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Wheat Gene With Resistance To Stripe Rust Discovered

Date:
March 9, 2009
Source:
USDA/Agricultural Research Service
Summary:
Experts on wheat biotechnology have discovered a gene that will make bread wheat capable of resisting stripe rust, a fungus that causes crop losses in many states.

A gene has been discovered that will make bread wheat able to resist stripe rust, a serious problem for wheat growers.
Credit: Photo by Yue Jin

An international team of researchers that includes an Agricultural Research Service (ARS) expert on wheat biotechnology has discovered a gene that will make bread wheat capable of resisting stripe rust, a fungus that causes crop losses in many states.

Scientists transferred a resistant gene, known as Yr36, from a race of wild wheat into a handful of domesticated pasta and bread wheat varieties. The wild wheat was collected in Israel, a part of the Fertile Crescent where ancient varieties of wheat have grown for centuries, according to Ann Blechl, a geneticist at the ARS Western Regional Research Center in Albany, Calif.

The research was published in the journal Science by a team that, in addition to Blechl, includes Xianming Chen, an ARS plant pathologist in Pullman, Wash., and researchers from the University of California-Davis and the University of Haifa in Israel. Publication of the gene sequence should give breeders the ability to use sequence-based DNA markers to incorporate resistance into new wheat varieties.

The researchers used a detailed map of a region of one wheat chromosome to isolate a candidate gene sequence. Blechl conducted the team's genetic transformation experiments, transferring the candidate sequence into a susceptible bread wheat variety. Subsequent tests showed the transformed plants were resistant to at least eight races of stripe rust.

Pasta, bread and other foods made with wheat account for about 20 percent of the calories consumed worldwide. But wheat producers have been battling stripe rust in the Pacific Northwest since the 1950s, according to Chen. Severe outbreaks occurred in the South and Midwest in 2000, and three years later the disease wiped out 25 percent of the wheat crop in California.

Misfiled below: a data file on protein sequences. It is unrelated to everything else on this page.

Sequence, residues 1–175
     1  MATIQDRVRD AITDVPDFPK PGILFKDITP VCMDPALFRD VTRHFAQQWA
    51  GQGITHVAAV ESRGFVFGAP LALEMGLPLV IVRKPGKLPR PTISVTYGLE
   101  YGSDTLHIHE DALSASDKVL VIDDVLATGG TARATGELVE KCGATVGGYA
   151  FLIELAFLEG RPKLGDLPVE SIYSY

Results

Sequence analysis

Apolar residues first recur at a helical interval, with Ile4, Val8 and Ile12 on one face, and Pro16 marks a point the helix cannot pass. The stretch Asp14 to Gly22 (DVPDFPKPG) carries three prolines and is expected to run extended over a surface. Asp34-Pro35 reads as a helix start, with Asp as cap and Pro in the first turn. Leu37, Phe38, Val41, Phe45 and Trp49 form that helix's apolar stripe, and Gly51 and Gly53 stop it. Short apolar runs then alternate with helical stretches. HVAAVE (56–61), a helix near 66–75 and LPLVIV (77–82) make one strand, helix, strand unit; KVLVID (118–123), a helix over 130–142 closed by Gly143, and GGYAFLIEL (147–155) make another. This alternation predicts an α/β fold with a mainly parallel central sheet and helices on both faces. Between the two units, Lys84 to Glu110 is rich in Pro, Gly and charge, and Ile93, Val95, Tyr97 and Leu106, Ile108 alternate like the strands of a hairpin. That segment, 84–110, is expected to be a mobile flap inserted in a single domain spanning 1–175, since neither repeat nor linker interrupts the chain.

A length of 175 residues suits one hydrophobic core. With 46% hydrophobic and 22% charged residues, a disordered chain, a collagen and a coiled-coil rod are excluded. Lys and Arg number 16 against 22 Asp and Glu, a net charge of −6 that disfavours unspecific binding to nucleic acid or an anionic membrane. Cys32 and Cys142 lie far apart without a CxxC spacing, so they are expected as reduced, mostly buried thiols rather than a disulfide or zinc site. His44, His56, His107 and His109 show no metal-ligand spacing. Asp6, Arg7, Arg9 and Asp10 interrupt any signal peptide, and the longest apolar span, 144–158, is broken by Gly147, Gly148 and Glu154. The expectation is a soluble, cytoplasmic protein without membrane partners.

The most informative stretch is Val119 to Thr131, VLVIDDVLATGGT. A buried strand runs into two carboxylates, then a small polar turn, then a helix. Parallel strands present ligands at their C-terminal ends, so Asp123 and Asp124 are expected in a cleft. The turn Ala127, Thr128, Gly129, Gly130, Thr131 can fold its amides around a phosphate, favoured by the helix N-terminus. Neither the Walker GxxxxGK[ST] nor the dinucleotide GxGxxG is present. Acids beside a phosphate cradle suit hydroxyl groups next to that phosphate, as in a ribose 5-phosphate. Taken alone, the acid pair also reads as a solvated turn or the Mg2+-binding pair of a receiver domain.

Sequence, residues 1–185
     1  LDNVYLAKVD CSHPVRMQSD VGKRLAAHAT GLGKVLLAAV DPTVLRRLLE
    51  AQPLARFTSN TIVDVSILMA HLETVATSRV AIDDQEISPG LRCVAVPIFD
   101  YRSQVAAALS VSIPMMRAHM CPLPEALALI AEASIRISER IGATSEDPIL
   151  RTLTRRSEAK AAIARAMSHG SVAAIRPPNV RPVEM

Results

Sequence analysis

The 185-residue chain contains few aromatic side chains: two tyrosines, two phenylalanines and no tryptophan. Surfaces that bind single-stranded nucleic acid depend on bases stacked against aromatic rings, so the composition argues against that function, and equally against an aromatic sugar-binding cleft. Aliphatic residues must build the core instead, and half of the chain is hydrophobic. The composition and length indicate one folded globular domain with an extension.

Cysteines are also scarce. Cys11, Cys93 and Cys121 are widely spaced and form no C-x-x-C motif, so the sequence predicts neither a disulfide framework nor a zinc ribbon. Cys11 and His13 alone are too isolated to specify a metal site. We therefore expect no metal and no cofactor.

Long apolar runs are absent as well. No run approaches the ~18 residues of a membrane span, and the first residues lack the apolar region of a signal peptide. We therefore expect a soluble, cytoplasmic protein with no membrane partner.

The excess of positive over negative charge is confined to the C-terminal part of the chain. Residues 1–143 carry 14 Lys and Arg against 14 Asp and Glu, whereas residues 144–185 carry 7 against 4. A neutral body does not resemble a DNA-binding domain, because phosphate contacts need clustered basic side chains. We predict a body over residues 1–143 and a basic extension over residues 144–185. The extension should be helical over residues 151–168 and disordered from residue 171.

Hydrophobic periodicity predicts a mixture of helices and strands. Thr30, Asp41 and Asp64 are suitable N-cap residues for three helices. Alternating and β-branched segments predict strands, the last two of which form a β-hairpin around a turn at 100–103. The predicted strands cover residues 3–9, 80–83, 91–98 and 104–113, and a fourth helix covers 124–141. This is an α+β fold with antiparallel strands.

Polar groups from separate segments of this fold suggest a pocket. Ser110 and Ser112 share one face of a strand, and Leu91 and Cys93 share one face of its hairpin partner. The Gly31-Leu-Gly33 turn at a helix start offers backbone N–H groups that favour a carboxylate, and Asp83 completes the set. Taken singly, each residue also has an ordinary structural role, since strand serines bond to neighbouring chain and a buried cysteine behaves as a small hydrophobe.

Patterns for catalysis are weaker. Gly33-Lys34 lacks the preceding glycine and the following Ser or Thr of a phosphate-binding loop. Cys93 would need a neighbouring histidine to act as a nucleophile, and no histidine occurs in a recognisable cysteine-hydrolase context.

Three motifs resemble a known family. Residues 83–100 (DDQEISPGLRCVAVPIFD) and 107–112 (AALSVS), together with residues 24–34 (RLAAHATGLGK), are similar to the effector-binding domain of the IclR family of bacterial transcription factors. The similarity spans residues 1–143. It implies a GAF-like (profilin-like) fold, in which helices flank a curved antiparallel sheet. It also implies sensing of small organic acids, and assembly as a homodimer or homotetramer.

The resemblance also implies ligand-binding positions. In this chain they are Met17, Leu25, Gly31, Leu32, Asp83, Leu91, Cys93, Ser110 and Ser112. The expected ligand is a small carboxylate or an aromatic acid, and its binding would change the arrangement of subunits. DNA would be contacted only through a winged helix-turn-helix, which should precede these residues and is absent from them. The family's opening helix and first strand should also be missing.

Caused by the fungus Puccinia striiformis, stripe rust is spread by the wind and is most likely to ruin crops in mild winters, wet springs and wet summers.

The fungus evolves rapidly, developing new races that overcome various race-specific seedling resistances. While it provides only partial resistance to adult plants at high temperatures, Yr36 is useful because it protects against all known strains of stripe rust, making it an effective tool.


Story Source:

The above story is based on materials provided by USDA/Agricultural Research Service. Note: Materials may be edited for content and length.


Journal Reference:

  1. Daolin Fu, Cristobal Uauy, Assaf Distelfeld, Ann Blechl, Lynn Epstein, Xianming Chen, Hanan Sela, Tzion Fahima, and Jorge Dubcovsky. A Kinase-START Gene Confers Temperature-Dependent Resistance to Wheat Stripe Rust. Science, 2009; 323 (5919): 1357 DOI: 10.1126/science.1166289

Cite This Page:

USDA/Agricultural Research Service. "Wheat Gene With Resistance To Stripe Rust Discovered." ScienceDaily. ScienceDaily, 9 March 2009. <www.sciencedaily.com/releases/2009/02/090220183417.htm>.
USDA/Agricultural Research Service. (2009, March 9). Wheat Gene With Resistance To Stripe Rust Discovered. ScienceDaily. Retrieved September 20, 2014 from www.sciencedaily.com/releases/2009/02/090220183417.htm
USDA/Agricultural Research Service. "Wheat Gene With Resistance To Stripe Rust Discovered." ScienceDaily. www.sciencedaily.com/releases/2009/02/090220183417.htm (accessed September 20, 2014).

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